India’s Space launch is extremely cost-effective: Japanese Team

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Team Indus and Japan’s Hakuto are preparing to get their Rovers on the ISRO-built spacecraft which is scheduled to launch in December. Communication tests of their rover with the Indian spacecraft will start by next week.

A year ago, Team Indus and Japan’s Hakuto decided to collaborate in the Google Lunar XPrize competition. They are now gearing up to put their rovers on the ISRO-built spacecraft, which is scheduled to launch in December.

It is to the Indian team’s credit that the Japanese team, which doesn’t have a PSLV contract, will be sending their rover with Team Indus.

Japan’s 100-member team Hakuto is on a two-day visit to Bengaluru. Tomoya Mori, who is a member of team Hakuto said, “Japanese launchers are very expensive, we are a private team and were looking for a cost effective launch opportunity. Since we needed a spacecraft, we asked Team Indus to collaborate with us”. The team will start communication tests of their rover with the Indian spacecraft by next week.

 

Japan’s Hakuto believes India’s Space launch is extremely cost-effective as compared to Japanese launchers.

The total amount required for the project by India’s Team is estimated to be $60 million; Team Indus has raised almost half of it. “We begin integrations and assembly of the flight model in October and complete it in six weeks. There is significant amount of fund raising that we have to do, which has been moving relatively slower than the engineering”, said Team Indus lead, Rahul Narayan. The engineering for the project is complete, he confirmed.

Team Indus is a Bengaluru-based startup which is the only team from India taking part in the “Moon 2.0” challenge.

Japan’s ambassador, Kenji Hiramatsu also joined Japan’s team on their visit to Bengaluru, India, at the facility of Team Indus. He said that Japanese companies are very much interested in Bengaluru’s startup ecosystem and Tumkur, which is considered as one of the industrial cities located in the state of Karnataka. “There is a special interest in Japanese companies to invest more in startups. We are looking forward to having more pitching events,” he said.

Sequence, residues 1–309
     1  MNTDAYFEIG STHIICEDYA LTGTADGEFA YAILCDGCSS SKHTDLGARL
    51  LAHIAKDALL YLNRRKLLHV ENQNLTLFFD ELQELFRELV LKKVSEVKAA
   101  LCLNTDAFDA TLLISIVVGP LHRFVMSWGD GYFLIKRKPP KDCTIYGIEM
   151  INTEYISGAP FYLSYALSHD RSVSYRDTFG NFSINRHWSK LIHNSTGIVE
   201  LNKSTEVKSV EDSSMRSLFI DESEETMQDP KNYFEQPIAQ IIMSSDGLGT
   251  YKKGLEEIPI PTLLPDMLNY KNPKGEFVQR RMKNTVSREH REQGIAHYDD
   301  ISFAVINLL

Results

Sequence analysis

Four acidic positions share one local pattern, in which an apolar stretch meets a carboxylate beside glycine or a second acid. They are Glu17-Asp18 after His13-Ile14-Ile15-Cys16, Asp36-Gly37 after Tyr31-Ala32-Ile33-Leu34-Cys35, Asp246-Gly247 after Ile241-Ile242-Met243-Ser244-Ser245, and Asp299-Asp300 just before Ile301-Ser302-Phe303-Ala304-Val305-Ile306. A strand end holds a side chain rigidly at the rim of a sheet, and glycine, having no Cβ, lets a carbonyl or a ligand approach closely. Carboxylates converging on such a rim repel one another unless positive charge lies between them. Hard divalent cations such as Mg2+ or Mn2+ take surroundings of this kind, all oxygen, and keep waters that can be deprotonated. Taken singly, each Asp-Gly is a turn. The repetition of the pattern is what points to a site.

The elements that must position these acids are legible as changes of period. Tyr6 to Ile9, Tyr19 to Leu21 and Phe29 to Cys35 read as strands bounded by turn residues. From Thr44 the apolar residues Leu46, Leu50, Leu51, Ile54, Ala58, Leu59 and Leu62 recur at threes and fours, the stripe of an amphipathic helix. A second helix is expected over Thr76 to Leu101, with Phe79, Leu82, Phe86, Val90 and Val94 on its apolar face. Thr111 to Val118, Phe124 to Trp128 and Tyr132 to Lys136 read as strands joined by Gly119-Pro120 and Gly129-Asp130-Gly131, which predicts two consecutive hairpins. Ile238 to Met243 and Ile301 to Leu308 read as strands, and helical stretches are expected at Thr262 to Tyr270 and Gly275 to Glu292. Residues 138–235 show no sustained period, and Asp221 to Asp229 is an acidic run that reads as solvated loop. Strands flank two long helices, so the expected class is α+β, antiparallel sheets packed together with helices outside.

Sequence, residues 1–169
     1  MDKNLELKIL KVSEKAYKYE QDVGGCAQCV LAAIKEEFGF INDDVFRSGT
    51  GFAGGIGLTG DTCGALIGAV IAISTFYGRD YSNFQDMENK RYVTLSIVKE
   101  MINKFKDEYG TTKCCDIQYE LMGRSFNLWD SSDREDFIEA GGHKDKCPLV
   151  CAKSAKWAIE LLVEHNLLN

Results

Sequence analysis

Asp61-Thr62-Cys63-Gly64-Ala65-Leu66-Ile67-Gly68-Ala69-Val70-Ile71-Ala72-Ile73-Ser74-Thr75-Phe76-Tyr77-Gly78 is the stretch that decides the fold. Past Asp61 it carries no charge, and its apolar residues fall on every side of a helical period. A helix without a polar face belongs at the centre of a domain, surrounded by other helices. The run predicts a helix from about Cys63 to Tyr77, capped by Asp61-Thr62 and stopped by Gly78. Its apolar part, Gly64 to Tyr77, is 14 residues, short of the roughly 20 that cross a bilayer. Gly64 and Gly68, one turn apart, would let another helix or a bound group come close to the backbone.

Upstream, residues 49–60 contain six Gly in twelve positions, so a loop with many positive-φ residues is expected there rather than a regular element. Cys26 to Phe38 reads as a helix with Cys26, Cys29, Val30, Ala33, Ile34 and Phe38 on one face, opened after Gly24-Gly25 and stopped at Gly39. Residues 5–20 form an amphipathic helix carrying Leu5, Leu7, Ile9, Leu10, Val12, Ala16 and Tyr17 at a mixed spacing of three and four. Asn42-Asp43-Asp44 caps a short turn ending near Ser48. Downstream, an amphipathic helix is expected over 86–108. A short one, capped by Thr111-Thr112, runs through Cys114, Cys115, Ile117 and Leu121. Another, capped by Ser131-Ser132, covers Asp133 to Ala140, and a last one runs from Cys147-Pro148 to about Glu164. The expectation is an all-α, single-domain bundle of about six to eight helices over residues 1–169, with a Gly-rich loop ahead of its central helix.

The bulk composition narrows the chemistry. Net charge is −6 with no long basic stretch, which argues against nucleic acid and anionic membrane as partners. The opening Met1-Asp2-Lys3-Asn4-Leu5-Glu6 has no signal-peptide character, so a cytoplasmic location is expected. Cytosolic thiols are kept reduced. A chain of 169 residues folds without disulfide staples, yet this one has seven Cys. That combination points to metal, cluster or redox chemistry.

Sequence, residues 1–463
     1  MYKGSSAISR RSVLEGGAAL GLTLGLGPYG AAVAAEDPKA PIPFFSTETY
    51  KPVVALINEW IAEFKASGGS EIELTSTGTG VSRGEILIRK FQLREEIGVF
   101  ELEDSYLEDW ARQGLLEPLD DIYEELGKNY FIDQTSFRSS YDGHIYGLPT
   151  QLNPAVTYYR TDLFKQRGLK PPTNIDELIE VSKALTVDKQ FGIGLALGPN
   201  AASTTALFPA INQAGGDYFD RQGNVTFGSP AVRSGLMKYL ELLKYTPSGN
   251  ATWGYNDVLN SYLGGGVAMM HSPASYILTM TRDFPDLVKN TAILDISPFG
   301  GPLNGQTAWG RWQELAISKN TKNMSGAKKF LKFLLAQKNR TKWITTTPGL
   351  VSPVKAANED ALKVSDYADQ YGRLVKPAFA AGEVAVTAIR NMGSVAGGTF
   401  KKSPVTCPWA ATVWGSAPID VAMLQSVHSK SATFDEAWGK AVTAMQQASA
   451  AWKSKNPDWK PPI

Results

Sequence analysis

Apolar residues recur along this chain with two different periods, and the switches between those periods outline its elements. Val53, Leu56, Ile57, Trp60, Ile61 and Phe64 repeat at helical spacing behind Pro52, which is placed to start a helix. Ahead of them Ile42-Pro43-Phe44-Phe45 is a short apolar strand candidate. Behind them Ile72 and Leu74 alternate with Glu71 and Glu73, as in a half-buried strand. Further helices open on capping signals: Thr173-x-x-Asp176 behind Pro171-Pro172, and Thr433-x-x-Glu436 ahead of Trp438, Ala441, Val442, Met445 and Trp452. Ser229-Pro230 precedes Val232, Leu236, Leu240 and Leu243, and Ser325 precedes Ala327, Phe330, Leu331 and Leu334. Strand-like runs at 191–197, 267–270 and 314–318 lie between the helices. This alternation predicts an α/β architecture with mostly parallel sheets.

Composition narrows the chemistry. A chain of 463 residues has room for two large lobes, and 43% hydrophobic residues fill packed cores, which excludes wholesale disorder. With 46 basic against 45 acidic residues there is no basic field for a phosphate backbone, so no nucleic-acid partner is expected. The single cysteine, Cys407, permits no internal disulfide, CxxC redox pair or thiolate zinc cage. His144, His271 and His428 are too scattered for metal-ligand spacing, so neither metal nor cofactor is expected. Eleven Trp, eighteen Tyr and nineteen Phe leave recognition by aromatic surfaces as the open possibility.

The deadline of Google Lunar XPrize competition was recently extended to March 2018. Five participants remain in the race, including Team Indus (India), HAKUTO (Japan), SpaceIL (Israel), Moon Express (US) and Synergy Moon, an international group of scientists and engineers. This is down from the 30-odd that had signed up initially.

What is Google Lunar XPrize Competition?

Google Lunar XPrize is an unprecedented competition, definitely one of a kind. The competition is designed to challenge and inspire engineers, entrepreneurs and innovators from around the world to develop low-cost methods of robotic space exploration. The competition holds a total of $30 million as prize money.

The steps all challengers need to conquer are, to:

  1. Successfully place a spacecraft on the moon’s surface.
  2. Travel 500 meters.
  3. Transmit high-definition video and images back to Earth.

Google is offering $20 million to the first team to pull it off, $5 million to the second team, and $5 million for a unique scientific achievement.

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